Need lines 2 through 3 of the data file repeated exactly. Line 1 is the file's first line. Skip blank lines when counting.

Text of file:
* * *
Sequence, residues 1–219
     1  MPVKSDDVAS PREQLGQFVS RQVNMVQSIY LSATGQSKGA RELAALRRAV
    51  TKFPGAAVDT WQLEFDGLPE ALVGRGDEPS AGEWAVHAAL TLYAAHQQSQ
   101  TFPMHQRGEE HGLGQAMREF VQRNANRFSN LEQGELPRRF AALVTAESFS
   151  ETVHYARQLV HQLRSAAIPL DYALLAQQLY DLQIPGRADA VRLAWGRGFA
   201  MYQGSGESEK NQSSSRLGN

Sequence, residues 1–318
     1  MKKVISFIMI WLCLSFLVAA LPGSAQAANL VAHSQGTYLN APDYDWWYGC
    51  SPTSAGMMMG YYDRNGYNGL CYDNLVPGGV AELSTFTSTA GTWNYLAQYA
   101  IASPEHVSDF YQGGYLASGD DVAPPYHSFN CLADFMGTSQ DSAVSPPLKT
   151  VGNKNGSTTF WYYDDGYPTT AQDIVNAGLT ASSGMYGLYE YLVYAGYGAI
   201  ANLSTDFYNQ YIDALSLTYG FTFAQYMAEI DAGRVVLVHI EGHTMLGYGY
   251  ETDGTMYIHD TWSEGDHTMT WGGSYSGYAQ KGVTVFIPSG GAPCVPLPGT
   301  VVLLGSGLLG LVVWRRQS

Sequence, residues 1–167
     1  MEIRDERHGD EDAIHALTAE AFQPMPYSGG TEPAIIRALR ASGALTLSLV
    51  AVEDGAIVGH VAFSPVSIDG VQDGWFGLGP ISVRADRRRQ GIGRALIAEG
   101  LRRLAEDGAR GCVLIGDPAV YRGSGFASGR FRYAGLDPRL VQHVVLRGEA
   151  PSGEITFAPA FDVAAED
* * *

     1  MPVKSDDVAS PREQLGQFVS RQVNMVQSIY LSATGQSKGA RELAALRRAV
    51  TKFPGAAVDT WQLEFDGLPE ALVGRGDEPS AGEWAVHAAL TLYAAHQQSQ